Wednesday, March 9, 2016
4:00 pm
Cahill, Hameetman Auditorium – Cahill Center for Astronomy and Astrophysics

Astronomy Colloquium

Thinking Big (and Small) : Frontier Science in the Era of Wide Field Lensing Surveys
Alexie Leauthaud, Kavli IPMU, Tokyo

A fundamental goal in observational cosmology is to understand the link between the luminous properties of galaxies and the dark matter halos in which they reside. A precise understanding of the key mechanisms that determine the growth, evolution, and global properties of galaxies has eluded astronomers for more than half a century. Dark matter is thought to play a key role in setting the conditions that determine galaxy properties but the exact details of how dark matter influences galaxy formation remains a topic of active debate. Weak lensing, which relies simply on the laws of gravity, is a unique method that can be used to directly probe the dark matter components of galaxies. While previous weak lensing surveys have been modest, reaching at most a few hundred square degrees, the state-of-the art in this field is changing dramatically with surveys such as the Hyper Suprime Cam (HSC) survey, an ambitious multi-wavelength (g,r,i,z,y) weak-lensing program to map out 1500 square degrees of the sky with the 8.2m Subaru Telescope to i∼26 mag. Euclid, WFIRST and LSST will follow in less than a decade.  In this talk, I will discuss new frontiers that are opening up with these expanded data-sets. New programs that will soon be within reach include detailed studies of the interconnected assembly histories of massive galaxies and dark matter, lensing-based constraints on the inner profiles of dark matter halos and possibly also of the stellar Initial Mass Function (IMF), and direct measurements of the halo masses of dwarf galaxies.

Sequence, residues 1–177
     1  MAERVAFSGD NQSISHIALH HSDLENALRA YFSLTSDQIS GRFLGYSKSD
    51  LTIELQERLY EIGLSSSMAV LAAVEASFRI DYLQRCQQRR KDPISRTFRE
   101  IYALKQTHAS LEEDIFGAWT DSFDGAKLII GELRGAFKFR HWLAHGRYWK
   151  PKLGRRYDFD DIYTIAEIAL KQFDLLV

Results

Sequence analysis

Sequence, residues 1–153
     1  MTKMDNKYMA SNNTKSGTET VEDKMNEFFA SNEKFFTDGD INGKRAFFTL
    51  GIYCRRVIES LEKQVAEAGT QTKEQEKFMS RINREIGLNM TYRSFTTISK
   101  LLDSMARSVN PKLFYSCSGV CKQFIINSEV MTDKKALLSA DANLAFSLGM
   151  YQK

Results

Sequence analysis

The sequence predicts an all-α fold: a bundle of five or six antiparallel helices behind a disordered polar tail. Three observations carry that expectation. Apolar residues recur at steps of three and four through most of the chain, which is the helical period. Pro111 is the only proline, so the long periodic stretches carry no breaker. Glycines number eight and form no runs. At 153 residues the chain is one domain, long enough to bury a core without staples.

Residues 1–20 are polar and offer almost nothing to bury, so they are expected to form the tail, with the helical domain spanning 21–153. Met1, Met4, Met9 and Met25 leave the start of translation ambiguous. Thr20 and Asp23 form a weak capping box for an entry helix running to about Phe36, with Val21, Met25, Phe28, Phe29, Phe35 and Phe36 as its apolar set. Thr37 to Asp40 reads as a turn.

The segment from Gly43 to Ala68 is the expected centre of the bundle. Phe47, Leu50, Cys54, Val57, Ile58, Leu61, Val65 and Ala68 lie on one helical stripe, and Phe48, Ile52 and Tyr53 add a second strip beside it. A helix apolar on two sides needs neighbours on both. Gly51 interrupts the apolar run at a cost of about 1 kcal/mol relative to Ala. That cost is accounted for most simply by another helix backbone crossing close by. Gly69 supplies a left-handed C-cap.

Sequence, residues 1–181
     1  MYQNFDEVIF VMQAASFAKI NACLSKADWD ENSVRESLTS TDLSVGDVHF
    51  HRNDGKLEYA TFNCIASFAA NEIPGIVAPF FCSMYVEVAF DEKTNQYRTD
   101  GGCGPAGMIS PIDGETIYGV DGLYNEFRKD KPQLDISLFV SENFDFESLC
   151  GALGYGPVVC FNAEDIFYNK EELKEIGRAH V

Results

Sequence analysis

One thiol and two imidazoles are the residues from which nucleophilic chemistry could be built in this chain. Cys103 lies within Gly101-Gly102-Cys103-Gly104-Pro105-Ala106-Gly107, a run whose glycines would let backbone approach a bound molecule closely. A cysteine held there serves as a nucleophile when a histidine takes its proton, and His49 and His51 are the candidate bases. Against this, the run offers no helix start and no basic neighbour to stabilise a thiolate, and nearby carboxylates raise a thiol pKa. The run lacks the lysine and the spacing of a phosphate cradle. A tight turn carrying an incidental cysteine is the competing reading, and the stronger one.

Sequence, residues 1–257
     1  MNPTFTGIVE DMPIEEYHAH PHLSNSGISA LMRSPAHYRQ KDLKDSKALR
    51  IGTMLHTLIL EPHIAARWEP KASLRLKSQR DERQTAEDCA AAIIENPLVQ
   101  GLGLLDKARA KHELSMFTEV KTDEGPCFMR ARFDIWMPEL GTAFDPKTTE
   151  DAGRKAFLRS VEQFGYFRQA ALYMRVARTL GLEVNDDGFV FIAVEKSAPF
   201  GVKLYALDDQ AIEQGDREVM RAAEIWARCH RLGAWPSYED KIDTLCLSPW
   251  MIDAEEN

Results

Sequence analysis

Contact Althea E. Keith aek@astro.caltech.edu at 626-395-4973
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